Monopoly Bargaining Alone Puts Individual Employee ‘Under Powerful Compulsion’ to Join a Union
Government union bosses’ inordinate power over public servants, taxpayers, and other Americans who rely on the vital services furnished by schools, police departments, and other government agencies rests for the most part on two special privileges. In slightly fewer than half the states, including high-population California, New York, Illinois, Pennsylvania and Ohio, public employees are forced as a condition of employment to pay union dues or fees, or be fired. And in more than 30 states, public employees, whether they are union members or not, can be statutorily forced to accept the officers of one union as their monopoly-bargaining agents on workplace matters, including pay, benefits, and work rules.
Well-informed observers of Organized Labor, regardless of whether they are allies or critics, have long recognized that monopoly bargaining is the most important privilege of all for union officials. And perhaps the clearest description of why this is so was offered by the late Thomas E. Harris.
A Harris speech published by the principal AFL-CIO Newsletter in 1962, when he was the union conglomerate’s associate general counsel, viciously attacked the Right to Work cause and its advocates. But Harris also tersely admitted that union officials use their monopoly-bargaining privileges like a cattle prod to herd more workers their under control, and to punish those who resist:
“The fact that the union will negotiate the contract which regulates the incidents of [a worker’s] industrial life puts him under powerful compulsion to join the union . . . ,” said Harris.
That Harris’ observation remains true today is clear from the 2014 data on public-sector unionism in the 24 states with Right to Work laws on the books at that time. (Wisconsin did not become the 25th Right to Work state until last year.) With the exception of public-safety employees in Michigan and a relative handful of other public employees under yet-to-be expired forced-dues contracts in that state, whose forced-dues ban took effect in 2013, no public employees in Right to Work states could legally be fired for refusal to pay union dues or fees in 2014. And yet data from the unionstats.com web site, maintained by respected labor economists Barry Hirsch and David Macpherson, show that 83% of unionized government workers in Right to Work states as a group were dues-paying union members in 2014.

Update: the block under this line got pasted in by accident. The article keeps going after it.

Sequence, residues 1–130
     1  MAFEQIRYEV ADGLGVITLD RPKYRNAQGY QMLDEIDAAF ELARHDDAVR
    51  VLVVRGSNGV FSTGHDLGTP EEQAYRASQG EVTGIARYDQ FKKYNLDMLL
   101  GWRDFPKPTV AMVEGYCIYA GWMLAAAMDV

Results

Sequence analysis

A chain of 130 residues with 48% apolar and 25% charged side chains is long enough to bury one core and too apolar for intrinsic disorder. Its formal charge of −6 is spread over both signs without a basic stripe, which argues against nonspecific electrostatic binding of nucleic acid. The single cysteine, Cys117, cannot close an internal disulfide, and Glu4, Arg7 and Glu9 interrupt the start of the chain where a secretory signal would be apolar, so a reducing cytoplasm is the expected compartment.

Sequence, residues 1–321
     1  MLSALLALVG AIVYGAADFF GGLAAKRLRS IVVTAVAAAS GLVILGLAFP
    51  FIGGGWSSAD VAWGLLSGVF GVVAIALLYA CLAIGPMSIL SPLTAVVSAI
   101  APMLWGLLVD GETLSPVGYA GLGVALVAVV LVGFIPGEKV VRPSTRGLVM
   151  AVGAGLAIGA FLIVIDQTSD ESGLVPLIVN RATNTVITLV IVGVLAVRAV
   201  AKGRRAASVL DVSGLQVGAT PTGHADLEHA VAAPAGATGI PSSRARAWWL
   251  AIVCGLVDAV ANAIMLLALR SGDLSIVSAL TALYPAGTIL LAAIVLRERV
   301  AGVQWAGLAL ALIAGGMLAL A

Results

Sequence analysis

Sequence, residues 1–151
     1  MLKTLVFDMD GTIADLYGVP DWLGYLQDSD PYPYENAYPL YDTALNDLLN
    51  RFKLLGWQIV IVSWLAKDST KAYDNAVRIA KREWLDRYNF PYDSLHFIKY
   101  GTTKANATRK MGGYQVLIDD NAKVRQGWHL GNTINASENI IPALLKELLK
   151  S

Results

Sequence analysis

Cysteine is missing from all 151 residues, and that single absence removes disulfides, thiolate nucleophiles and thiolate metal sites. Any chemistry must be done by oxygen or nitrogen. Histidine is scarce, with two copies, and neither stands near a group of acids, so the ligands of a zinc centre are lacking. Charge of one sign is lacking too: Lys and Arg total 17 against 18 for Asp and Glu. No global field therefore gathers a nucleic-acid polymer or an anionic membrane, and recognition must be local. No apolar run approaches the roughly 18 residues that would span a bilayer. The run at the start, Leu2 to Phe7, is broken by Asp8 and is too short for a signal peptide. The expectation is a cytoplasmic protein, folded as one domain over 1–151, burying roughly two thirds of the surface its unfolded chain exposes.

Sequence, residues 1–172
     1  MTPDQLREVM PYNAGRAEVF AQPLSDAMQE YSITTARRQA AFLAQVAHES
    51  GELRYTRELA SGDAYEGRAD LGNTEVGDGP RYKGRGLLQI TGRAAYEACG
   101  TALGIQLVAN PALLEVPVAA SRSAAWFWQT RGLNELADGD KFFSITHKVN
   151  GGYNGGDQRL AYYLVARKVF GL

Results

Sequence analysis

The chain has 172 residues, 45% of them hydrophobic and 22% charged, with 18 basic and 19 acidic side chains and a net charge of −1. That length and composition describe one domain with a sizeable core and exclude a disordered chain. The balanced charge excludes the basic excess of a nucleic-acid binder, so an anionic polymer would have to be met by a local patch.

Moreover, that same year 22.7% of all government jobs in Right to Work states were unionized, a union “density” well over two times as great as the private-sector average for forced-dues states.
The fact that roughly 83% of unionized public-sector employees in Right to Work states in 2014 were union members doesn’t mean that nearly that high a share actually believe they are benefiting from unionism.
In Right to Work as well as forced-unionism states, a unionized employee has to join the union in order to have any say whatsoever over the contract that Big Labor negotiates with the employer. Consequently, it is almost certainly more likely that, even in a Right to Work state, an employee who thinks the union in his workplace is doing a lousy job will nevertheless join, than that an employee who thinks the union is doing a good job will nevertheless refuse to join and pay dues.
At the U.S. Supreme Court oral arguments this month in Friedrichs v. California Teachers Association, a landmark case challenging the constitutionality of government sector-forced union dues and fees, Big Labor California Solicitor General Edward DuMont, representing Golden State Attorney General Kamala Harris, tried to suggest otherwise by citing the example of federal employees. Well under half of federal employees choose to join the union that purports to represent them.
What DuMont and Harris overlook is that the scope of federal union bosses’ monopoly-bargaining privileges is far more narrow than it is under state laws authorizing public-sector monopoly bargaining. As DuMont and his client could have learned from reading the Wikipedia entry on the Federal Labor Relations Act, under this statute union bosses may not negotiate the “following working conditions . . . : Wages, Hours, Employee Benefits, and Classifications of Jobs.”
For this reason, unionized federal employees are under far less “powerful compulsion” to join a union they don’t want than state or local government employees. But had DuMont cited the available data for state and local government employees in Right to Work state, they would have shown that 83% join and pay dues. This would certainly have undercut the Friedrichs respondents’ claim that restoring state and local government employees’ First Amendment freedom not to bankroll an unwanted union nationwide would “destroy” government unions.